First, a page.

The first, is that without exception, international law holds us to a commitment to provide protection against discrimination on the basis of sexual orientation. This can now be viewed as a universal standard. While the content of that protection may still need to be measured precisely, in terms of  what does and does not constitute discrimination in this arena (for example, does it include same sex marriage?), that does not take away from the universal principle of non-discrimination.

The other fundamental principle to note is that human rights proclamations and protective provisions are issued in the language of personhood, not overlaid by consideration of identity.
For example, the American Convention and American Declaration state that ‘Every person…is given rights”, while Art. 24 of the Convention states that all persons are equal before the law.
Thus, there is no concept of an identity artificially constructed by society to distinguish individuals, in the sense of ‘to make apart from others’. Therefore, rights secured to persons are not to be differentiated by race, religion, class and certainly, and certainly not by sexual identity.

This is the fundamental error that those who speak only of morality as a limiting, instead of a liberating principle make. I reject this notion. The essence of such rights is located in personhood.

This is so whether we are speaking of civil and political rights or economic and social rights, such as a person being entitled to work, to be educated, having a house, getting a pension and having access to healthcare, regardless of his or her sexual orientation.

To the extent that our Constitutions and our law fall short of these standards, we have failed as a society. Note that a main reason today for this constitutional shortfall is because of saving law clauses framing the issue; artificial contrivances, inserted almost by accident into our young Constitutions. We must, therefore begin the initiative toward constitutional amendment, if that is what it will take for real equity.

What is The Real Context of the Problem of Sexual Identity? What are we condoning?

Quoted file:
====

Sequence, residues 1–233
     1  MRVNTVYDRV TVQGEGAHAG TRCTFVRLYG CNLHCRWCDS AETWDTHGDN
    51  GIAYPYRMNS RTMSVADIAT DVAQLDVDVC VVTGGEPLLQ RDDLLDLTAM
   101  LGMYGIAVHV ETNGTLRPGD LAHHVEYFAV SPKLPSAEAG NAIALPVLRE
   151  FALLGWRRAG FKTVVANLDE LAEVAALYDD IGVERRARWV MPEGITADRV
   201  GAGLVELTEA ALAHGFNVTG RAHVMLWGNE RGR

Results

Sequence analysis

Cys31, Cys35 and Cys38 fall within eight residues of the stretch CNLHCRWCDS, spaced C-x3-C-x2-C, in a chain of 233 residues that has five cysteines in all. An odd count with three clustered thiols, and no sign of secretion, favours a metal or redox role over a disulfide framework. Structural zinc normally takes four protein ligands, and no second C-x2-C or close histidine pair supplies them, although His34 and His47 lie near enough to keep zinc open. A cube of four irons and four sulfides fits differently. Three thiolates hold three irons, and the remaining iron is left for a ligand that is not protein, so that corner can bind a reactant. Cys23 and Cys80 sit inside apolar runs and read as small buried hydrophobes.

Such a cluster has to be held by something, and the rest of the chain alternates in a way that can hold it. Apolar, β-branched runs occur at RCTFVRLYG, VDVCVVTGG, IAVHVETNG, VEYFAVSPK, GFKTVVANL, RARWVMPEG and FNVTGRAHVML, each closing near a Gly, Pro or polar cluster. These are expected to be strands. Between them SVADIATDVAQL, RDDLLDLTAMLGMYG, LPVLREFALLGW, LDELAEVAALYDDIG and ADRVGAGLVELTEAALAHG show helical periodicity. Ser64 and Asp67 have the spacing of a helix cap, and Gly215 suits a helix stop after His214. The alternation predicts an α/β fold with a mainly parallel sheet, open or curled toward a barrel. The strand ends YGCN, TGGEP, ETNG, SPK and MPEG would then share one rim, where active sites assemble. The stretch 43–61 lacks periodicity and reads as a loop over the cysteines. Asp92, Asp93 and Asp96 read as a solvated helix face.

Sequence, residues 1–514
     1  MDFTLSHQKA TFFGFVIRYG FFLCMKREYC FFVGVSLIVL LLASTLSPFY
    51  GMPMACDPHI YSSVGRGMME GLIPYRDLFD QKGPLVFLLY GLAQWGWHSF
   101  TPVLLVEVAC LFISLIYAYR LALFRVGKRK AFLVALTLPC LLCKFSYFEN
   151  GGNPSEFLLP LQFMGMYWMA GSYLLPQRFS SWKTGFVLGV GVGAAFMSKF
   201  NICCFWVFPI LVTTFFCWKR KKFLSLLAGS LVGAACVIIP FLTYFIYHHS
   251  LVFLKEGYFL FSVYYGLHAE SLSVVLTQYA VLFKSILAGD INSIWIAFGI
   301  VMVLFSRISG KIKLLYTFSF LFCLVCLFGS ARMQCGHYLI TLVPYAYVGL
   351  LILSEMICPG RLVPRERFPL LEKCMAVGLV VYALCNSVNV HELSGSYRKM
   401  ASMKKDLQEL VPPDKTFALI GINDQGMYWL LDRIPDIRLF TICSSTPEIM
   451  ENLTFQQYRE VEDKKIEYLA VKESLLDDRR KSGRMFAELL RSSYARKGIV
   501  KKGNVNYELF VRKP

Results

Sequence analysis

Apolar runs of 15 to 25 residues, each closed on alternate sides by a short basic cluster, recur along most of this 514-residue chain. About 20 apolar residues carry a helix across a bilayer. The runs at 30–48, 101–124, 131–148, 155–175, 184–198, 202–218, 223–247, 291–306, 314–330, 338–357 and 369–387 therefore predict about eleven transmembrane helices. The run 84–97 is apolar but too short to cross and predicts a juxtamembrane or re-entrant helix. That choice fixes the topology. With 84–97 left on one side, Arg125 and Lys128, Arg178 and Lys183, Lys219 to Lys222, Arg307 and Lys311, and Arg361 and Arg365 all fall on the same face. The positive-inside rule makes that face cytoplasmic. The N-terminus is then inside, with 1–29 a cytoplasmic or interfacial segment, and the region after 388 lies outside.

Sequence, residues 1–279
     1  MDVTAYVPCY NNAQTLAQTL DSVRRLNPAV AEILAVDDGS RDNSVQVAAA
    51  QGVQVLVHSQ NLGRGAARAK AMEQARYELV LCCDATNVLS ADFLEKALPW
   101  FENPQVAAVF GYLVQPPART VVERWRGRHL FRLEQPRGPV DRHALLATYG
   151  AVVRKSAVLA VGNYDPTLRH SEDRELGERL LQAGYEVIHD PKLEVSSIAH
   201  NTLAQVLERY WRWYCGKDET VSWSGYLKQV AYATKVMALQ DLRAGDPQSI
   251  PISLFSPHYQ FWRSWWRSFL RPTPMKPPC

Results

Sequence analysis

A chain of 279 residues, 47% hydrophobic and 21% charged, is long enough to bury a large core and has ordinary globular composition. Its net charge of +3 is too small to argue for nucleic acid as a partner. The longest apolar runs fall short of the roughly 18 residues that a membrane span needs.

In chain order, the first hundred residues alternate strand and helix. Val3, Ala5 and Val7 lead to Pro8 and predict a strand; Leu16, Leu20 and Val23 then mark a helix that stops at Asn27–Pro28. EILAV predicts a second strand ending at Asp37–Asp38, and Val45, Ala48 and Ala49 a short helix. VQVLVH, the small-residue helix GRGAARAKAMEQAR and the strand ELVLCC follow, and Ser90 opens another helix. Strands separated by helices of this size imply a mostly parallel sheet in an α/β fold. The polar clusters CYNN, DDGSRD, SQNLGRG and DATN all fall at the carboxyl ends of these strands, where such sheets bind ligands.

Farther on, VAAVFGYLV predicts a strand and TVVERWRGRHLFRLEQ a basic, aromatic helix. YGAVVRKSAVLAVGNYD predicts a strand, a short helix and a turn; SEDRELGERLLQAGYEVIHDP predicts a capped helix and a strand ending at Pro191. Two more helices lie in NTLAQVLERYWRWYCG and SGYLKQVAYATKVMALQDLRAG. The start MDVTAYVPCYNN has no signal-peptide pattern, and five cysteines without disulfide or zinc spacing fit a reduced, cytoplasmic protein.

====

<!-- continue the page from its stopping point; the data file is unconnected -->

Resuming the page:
The issue of sexual orientation is not simply a moral or a religious issue presented in a theoretical package. It confronts concrete examples of life and death situations because it addresses some of the most horrific forms of violence known to our supposedly peace loving, friendly and warm nations, where our national mantra is “no problem”.

We have seen examples of violence meted out against perceived homosexuals, in particular, that we would never tolerate even against the worst known drug barons, murderers or other criminals in the society.

Numerous reports on violence against individuals simply because of their sexual status have been heard by the Commission in special hearings. Many of these involve horrific examples of violence, such as in Jamaica, but they also include incidences in Barbados and elsewhere in the region. Consider, for example one such instance of violence aired in the Commission’s special hearing on October 2010. (Hearing No. 26). In this incident, in a house in Mandeville, a group of fifteen to twenty men attacked four men they believed to be gay. In addition, in 2007, JFlag reported forty-five cases of homophobic abuse in Jamaica alone.

What does this say about our humanity, about our own morality?

There are those righteous among us who might say “we have never condoned violence”. But that assumption of innocence ignores the reality that violence is often born out of skewed perceptions, misconceptions and misunderstandings, which flow from our words. They create value systems, they create fear. Words have power, they incite the emotions. We saw it in Hitler’s Germany. We saw it in Rwanda. We even saw it in the Trayvon Martin killing in the USA.

When we so totally condemn homosexual men or women for daring to exist in their skin; when we objectify such persons as an evil to society, what message do we send? I do not wish to enter into the religious debate, but this condemnation seems very far from the central message of peace, love and understanding that is within the Bible.

 I believe, therefore, that we have to accept responsibility for violence against such persons. I am reminded that in law, the question is asked: Who in law is our neighbour, when assessing responsibility for harm?

We can also speak of the harassment that persons are subjected to because of their sexual orientation. It is important to note, that it is now accepted that sexual harassment can include denigrating remarks about one’s sexual orientation. Sexual harassment does not only involve heterosexual relationships. It can also include same sex harassment (Oncale).

Several Levels of Discrimination

What is more disturbing are the several levels of discrimination, both direct and indirect, de jure and de facto, often reinforcing some of the worst forms of prejudice already inherent in our societies. For example, human rights activists have made the link between homophobia and poverty,a class paradigm to which other forms of discrimination, such as race, HIV and even gender intersect.